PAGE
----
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Bullying and Suicide Among Teenagers

By July 18, 2022No Comments
Teens who have been bullied are twice as likely to think about suicide and nearly 2.5 times more likely to actually try suicide, according to a JAMA Pediatrics study. Additionally, the study discovered that children who experienced cyberbullying were more than three times as likely as other youngsters to consider suicide.

The implications of bullying
According to Dr. Robb, bullying causes a youngster to feel hopeless, helpless, and despised, which can result in low self-esteem, depression, or post-traumatic stress disorder (PTSD).

Dr. Robb reacted to the report by saying, “It’s not simply bullying.” She pointed out that bullying is only one of many possible causes that can result in suicide. Additional risk factors include depression, bipolar disorder, psychiatric problems, physical abuse, substance misuse, LBGT status, or a history of suicide attempts.

Bullying is much more prevalent than only an issue that occurs during breaks or on the school bus. Through tools and equipment like cell phones, computers, and tablets as well as communication avenues like social networking sites, apps, text messages, chat, and webpages, kids can bully others thanks to technological advancements.

Traditional bullying vs. cyberbullying
While earlier studies demonstrated that both conventional bullying and cyberbullying were damaging, subsequent research revealed that cyberbullying increased children’s risk of suicide.

Dr. Robb said that because peer harassment may be posted online anonymously and spread swiftly to a larger audience, it might increase a teen’s susceptibility. Even while a youngster may be able to delete inappropriate texts, images, or messages, the evidence is still saved online, which means that a victim may have to go through the humiliating events again.

How to tell if a child is being bullied
It’s crucial for parents to be aware of bullying so they can step in before it gets out of hand. Parents should be aware of the following indicators of bullying, according to Dr. Robb:
• Unexpected changes in friends
• Modifications in eating or sleeping patterns
• Dropping grades and a lack of enthusiasm in study
• Unexpected injuries
• Items that have been misplaced or destroyed
• Self-destructive actions
There are too many reports of tormented teenagers killing themselves to dismiss them. Bullying and suicide are related, and it is vital to comprehend the intricacy that propels victims from hopelessness and sadness to thought and action.

According to studies, bullying worsens depression and raises the chance of suicide for both the sufferer and the bully.

Suicide is a difficult subject. Teen suicide is frequently, but not always, influenced by additional factors, such as underlying mental problems, traumatic childhood experiences, or severe nutritional inadequacies.
Bullying’s importance shouldn’t be understated, though, as it can serve as a suicide trigger. Bullying can have devastating effects on children who are at-risk for suicide due to depression or other mental health problems.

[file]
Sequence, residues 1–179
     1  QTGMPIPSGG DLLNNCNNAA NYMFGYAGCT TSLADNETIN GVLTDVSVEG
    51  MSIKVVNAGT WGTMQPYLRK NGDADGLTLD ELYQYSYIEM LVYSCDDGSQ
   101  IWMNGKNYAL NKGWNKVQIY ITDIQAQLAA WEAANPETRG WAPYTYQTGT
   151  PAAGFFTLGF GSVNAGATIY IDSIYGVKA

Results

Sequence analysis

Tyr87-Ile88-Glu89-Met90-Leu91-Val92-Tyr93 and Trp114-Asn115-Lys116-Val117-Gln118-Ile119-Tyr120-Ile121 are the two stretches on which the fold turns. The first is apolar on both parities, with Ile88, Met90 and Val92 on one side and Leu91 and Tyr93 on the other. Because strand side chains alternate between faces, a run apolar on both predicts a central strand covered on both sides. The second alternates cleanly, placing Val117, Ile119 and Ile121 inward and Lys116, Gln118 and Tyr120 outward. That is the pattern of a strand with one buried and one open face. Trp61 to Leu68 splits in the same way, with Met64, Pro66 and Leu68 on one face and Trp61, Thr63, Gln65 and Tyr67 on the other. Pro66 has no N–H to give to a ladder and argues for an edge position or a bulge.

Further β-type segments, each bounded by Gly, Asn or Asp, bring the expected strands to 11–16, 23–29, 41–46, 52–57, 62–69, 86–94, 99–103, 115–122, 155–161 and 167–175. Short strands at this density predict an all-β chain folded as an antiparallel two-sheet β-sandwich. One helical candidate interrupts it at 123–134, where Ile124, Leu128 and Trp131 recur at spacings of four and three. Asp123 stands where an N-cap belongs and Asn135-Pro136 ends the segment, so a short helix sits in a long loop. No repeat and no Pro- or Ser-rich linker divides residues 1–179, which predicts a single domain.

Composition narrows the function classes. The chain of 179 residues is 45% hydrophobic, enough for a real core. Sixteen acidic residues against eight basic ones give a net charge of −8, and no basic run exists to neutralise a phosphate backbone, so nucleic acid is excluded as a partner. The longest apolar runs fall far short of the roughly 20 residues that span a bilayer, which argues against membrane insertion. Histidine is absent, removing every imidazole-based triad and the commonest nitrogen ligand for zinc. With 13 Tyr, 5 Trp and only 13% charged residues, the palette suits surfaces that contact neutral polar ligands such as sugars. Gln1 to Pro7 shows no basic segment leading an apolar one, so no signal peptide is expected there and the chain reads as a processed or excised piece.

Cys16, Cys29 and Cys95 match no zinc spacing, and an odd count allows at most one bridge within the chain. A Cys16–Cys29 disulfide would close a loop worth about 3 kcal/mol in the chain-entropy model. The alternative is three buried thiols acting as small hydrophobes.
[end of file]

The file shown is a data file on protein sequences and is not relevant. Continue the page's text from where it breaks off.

Bullied children, even those who are generally well-adjusted, might experience depression and even consider suicide. When a child is bullied, their chance of suicide is raised.

Know the Signs of Bullying
Keeping an eye on your children’s moods is one of the best methods to identify bullying in their life. Take note if they exhibit unexpected signs of stress, anxiety, or disdain for education. Also, pay notice if they claim that they lack friends or that there is a lot of drama at school.
Another indication of bullying is when a victim complains of headaches and stomachaches, skips class, sustains injuries that are not explained, loses property, or has dropping grades.

Know the Signs of Depression
Dropping grades, losing interest in hobbies, withdrawing from social situations, and sleeping more or less than usual are all symptoms of depression. Excessive unexplained crying is another sign that depression may be a problem. Excessive rage is another indication of sadness.
Know the Signs of Suicide

Suicidal thoughts can make a person moody, depressed, and experience personality changes. People who are contemplating suicide may stop communicating with others and lose interest in daily activities. They might begin to organise their belongings and discard or donate once-prized objects.

They might also pay a visit to former acquaintances and call on relatives. Do something right away if a loved one shows signs of considering suicide.
Help Your Child Overcome Bullying.

Making sure your child feels at ease speaking with you is one of the finest methods to assist your child in overcoming bullying. You should pledge to assist them in resolving the problem as well. Keep in touch with the school until the problem is resolved.

It can take time to get over bullying. There will be good days and difficult days, but you must remain dedicated to the process as a parent.

You’ll want to maintain in contact with school staff and make sure your child has access to the resources they require. Bullying frequently gets worse over time and frequently persists in the absence of regular intervention.

Don’t Ignore Threats of Suicide
Some children do make suicide threats before ultimately taking their own lives, though not all do. Be alert if a loved one mentions killing themselves. Suicidal threats should never be disregarded, even if the individual uttering them has no intention of actually doing it.

Make sure your child has the chance to speak with a counsellor if you are worried that they could be feeling suicidal, and try not to leave them alone.